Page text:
JeShaune Jackson, who just graduated from Case Western Reserve with a master's degree in biotechnology and an MBA in design and innovation, wasn't always a good student, which makes his accomplishments at CWRU all the more remarkable.
"I joke that I had a 2-point-low GPA," he says in reference to his high school grades. But after a shadow internship with South Pointe Hospital's Dr. Charles Webb turned into a research position, Jackson started taking studying more seriously and began to think that he had the skills to become a scientist. Like many college students, he'd finally found a calling. And like many college students, he had a hell of a time figuring that out, both financially and academically.
"That was the first step that turned me around," he says. "Now, I want to give more exposure to young black males. We're very impressionable. Wherever the money is going, that's where we're going. Just look at all the rappers who are out there."
He's currently part of a $200 million venture fund out of Cleveland Clinic Innovation that provides support to some 66 companies. A year ago, he started his own company, BioComm, a biotech consulting firm that works to move biomedical research from campuses to the marketplace. And he also runs a scholarship for young black men with low grades. That's right: low grades. Everyone needs help, right? And not everyone's a star with the books. That doesn't mean they don't deserve a chance to succeed.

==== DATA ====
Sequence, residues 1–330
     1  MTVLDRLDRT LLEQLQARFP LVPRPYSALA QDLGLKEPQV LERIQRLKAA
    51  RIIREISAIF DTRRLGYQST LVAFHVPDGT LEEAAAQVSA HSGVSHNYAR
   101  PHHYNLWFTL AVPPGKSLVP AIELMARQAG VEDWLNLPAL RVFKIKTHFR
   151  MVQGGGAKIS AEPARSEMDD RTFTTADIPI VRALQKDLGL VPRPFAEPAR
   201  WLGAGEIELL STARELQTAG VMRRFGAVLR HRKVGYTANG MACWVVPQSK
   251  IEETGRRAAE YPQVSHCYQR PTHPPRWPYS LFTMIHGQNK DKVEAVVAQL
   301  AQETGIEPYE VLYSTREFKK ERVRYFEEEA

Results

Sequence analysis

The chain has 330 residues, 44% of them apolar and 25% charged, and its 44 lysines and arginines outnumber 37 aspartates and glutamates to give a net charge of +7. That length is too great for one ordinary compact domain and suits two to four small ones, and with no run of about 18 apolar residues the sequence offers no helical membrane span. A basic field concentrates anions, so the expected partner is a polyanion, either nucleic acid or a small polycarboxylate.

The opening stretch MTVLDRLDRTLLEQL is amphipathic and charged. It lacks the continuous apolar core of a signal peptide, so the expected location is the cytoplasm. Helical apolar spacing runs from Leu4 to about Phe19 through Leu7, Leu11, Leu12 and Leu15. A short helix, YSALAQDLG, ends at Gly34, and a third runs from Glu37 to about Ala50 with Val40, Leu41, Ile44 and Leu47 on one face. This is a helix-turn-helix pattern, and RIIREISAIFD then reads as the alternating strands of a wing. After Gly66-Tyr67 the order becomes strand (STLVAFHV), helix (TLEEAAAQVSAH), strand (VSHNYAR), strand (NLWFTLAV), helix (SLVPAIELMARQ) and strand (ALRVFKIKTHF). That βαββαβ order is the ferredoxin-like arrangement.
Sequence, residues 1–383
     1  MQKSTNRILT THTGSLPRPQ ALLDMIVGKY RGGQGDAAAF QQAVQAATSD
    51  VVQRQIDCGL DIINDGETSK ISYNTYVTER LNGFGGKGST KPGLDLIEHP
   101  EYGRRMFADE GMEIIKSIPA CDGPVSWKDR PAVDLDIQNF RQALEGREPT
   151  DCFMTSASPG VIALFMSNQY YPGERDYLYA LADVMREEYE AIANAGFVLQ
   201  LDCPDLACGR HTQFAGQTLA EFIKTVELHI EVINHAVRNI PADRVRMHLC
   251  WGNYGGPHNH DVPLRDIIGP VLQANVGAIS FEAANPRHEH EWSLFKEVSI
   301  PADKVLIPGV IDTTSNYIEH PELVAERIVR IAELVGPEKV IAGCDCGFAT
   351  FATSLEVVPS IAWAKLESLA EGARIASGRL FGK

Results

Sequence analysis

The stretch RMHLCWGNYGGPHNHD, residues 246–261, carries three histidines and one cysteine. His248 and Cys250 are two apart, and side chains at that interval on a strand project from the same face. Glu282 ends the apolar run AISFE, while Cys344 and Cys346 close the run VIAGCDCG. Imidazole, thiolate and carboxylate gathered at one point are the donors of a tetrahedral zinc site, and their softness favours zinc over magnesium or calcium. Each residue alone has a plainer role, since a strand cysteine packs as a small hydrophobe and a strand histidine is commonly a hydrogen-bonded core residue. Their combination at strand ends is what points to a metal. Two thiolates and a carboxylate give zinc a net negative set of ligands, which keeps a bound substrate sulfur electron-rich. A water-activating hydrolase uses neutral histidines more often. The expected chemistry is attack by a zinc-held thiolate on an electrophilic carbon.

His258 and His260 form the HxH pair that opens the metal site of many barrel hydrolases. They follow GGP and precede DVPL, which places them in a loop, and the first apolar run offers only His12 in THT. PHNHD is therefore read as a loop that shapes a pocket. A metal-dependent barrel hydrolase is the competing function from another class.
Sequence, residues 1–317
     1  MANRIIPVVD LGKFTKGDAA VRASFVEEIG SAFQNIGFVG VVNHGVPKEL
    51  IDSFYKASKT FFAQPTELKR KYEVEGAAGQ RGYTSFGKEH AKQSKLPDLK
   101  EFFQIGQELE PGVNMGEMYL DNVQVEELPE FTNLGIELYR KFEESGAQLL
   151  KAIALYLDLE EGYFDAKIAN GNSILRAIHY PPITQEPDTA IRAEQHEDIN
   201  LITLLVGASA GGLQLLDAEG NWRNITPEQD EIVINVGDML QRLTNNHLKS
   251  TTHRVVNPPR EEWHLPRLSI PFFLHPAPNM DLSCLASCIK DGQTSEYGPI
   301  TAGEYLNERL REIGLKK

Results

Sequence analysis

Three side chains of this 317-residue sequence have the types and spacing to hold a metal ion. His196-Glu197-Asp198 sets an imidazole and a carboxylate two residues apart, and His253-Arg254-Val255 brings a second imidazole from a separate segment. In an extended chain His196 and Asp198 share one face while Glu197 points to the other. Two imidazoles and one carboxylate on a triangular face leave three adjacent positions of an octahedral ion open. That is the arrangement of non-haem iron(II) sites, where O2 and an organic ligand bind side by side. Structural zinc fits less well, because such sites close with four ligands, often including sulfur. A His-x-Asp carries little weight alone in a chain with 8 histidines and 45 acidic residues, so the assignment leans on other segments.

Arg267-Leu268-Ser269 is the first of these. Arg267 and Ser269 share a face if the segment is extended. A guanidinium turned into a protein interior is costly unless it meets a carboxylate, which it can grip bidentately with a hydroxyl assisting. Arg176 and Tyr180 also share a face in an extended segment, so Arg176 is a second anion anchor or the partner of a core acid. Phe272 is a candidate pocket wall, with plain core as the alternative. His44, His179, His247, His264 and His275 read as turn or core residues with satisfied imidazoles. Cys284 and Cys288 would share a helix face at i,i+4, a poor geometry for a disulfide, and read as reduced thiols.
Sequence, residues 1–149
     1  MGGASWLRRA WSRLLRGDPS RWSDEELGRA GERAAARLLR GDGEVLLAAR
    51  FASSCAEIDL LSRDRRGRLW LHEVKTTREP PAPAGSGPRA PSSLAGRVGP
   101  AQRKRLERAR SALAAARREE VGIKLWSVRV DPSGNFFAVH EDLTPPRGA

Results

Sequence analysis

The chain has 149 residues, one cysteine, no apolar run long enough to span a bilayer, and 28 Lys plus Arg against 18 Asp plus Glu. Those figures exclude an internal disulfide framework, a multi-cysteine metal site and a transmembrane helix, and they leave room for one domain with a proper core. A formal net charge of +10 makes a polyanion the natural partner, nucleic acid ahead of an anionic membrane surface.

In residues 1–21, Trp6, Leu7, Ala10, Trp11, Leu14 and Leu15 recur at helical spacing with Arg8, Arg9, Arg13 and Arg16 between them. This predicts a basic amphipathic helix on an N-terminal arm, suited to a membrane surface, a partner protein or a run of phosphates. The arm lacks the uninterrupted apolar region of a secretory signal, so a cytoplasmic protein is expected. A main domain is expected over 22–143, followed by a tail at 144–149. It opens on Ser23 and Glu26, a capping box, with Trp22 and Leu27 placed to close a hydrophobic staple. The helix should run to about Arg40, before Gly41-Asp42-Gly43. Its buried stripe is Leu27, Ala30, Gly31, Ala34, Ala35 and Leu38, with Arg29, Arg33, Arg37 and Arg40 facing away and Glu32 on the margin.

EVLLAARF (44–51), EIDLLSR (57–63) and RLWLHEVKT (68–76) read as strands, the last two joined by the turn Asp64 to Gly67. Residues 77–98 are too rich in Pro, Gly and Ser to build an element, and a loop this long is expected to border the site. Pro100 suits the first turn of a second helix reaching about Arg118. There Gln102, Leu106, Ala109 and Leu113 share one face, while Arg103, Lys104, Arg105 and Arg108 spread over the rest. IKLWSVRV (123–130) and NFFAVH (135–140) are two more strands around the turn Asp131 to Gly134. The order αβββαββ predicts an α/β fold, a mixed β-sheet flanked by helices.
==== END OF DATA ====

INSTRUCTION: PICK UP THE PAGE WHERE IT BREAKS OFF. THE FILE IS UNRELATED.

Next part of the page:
"You have to have above a 2.5 but below a 3.25," he says, adding that students with high grades usually already have scholarship money. His scholarship recipients and runners-up will have the chance to tour CWRU and the Cleveland Clinic, where they'll meet African-American surgeons, physicians and researchers. So what's next?
"I have my startup companies but I want to work for another one that's more established," he says. "I want to learn the ins and outs of a small startup. I'm looking to Silicon Valley to move to next. I want to work there now, and then come back to Cleveland in a couple of years and start my own company." And yes, he has seen Silicon Valley, the HBO comedy about a group of nerdy guys who struggle to get their startup off the ground. "That's the life I live," he says with a laugh. After all, a struggle's not something he's not familiar with.